Interior Design Internship Tips

Interior design internships are one of the standard requirements of interior design training and qualifications. They're also particularly important for practical industry experience. Interior design is very much a client-based business and the realities of working in the industry have made internships essential for all students in the profession.

Finding interior design internships

Internships are widely advertised. Check with local interior designers and get some pointers and professional advice about what's available in your area. It's also worth your time to shop around for your internship. Although your credits will be the same wherever you do it, having a major industry employer on your resume is a significant asset at entry level. 

Getting an internship

You'll need to submit an application, a copy of your resume and references. It's advisable to also make available information regarding your grades, skill levels, and proficiencies. Using a teacher as a reference is particularly helpful in that it means the internship provider can discuss technical issues. Some interior designers are specialists, and curriculum requirements can be discussed as well.

Interview preparation

Interior design is a technical business, but it's also a creative exercise. Your interview will explore both facets of your design abilities in detail.  Areas to be covered in the interview will include:

  • Design quality: Interior design is a personal and individualized job. You will be required to show some examples of your work. Select your best technical and creative works. Check for any specific technical requirements of the position and submit the work that meets that category.
  • Materials: This includes selection and use of materials and their design issues. 
  • Presentation: Make sure you can give an excellent presentation of your work. When selecting your work, for example, think of a presentation for them, including the technical issues. Try to produce a short "documentary" narrative explaining each piece to walk them through your work easily.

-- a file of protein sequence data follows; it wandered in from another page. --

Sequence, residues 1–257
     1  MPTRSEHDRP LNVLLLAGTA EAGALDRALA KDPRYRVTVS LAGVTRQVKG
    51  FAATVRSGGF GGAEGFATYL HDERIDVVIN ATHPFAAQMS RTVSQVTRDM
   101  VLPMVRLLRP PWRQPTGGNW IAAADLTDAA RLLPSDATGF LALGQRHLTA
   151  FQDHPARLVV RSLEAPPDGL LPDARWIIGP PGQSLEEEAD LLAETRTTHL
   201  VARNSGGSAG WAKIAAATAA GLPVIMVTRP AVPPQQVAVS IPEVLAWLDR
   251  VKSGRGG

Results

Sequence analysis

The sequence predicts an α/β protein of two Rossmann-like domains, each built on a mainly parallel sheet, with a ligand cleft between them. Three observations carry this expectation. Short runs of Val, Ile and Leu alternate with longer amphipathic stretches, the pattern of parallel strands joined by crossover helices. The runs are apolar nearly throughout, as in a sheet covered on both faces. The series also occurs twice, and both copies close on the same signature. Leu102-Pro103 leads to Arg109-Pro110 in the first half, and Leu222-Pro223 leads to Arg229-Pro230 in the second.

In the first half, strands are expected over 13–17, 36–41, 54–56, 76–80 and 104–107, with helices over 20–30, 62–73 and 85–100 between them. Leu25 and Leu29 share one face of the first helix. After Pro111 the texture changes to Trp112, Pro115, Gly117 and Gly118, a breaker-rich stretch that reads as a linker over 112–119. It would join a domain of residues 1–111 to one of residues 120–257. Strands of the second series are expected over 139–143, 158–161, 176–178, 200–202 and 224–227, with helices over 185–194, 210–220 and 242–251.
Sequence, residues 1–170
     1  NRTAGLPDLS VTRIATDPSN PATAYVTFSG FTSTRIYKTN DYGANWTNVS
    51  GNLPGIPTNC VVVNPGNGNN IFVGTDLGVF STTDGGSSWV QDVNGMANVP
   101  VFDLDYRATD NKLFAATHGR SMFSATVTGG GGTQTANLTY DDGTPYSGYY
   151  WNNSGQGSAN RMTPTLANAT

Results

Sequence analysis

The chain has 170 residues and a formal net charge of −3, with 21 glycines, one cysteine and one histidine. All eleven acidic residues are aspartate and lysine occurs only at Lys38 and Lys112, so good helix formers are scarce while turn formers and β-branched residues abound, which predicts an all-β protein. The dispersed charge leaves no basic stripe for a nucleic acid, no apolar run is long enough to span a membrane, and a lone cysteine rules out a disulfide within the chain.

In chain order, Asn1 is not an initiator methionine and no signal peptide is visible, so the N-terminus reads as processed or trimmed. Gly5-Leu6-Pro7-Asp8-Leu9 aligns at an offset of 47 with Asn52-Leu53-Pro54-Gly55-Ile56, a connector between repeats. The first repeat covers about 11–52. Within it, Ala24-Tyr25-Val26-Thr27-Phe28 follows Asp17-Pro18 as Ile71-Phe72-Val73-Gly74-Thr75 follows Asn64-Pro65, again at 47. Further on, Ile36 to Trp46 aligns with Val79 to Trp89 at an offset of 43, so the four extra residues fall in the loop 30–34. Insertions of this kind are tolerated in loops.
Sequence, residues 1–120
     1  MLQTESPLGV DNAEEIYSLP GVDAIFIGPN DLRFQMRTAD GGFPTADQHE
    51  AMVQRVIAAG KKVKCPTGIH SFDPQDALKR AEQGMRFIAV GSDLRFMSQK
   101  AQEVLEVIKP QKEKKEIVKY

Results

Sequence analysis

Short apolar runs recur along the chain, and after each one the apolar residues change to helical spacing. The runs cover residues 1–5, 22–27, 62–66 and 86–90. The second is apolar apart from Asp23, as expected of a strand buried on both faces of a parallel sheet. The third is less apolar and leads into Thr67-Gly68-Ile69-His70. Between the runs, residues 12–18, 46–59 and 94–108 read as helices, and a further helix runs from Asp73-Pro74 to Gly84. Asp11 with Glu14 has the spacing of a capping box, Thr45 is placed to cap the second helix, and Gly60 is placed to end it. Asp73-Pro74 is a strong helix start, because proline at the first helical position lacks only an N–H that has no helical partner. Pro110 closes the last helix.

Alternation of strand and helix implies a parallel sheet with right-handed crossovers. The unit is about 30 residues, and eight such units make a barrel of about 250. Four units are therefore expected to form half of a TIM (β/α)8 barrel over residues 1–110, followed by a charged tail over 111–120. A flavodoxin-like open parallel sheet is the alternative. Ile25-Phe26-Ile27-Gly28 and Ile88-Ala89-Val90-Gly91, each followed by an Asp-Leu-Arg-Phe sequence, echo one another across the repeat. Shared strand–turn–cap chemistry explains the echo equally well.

• Technical issues: Anthropometrics, ergonomics, and color theory are some of the elements involved in basic interior design. Revise thoroughly the practical applications of these studies. 

Interview practice questions

Question: Can you show us examples of your work in domestic color selection?

Answer:  These are domestic designs for apartments we were given for an exercise in color selection. We were required to do three digital designs with different color schemes:

  • Pastel pale blue mat walls with a three tier floral blue gold and white thread fabric schematic for modern furniture and a neutral white coffee table and rug.
  • Off white paint scheme, black tiles and a neutral fawn colored motif for furniture.
  • Hardwood panels with a wool rug, cotton fiber furniture and modern decor.  

Question: You've been asked to do a dining room design in an old house. What are the main elements in materials selection? 

Answer: There are several elements:

  • Architectural design and space available
  • Character of the existing house
  • Lighting
  • Building materials
  • Budget
  • Client tastes and preferences

Question: How do you apply anthropometrics to interior design for domestic settings?

Answer: In domestic settings, the spatial measurement of human beings is part of the working design considerations for comfort, daily use and functionality. Anthropometrics, either standardized or specific, are used to create functional measurements of design elements.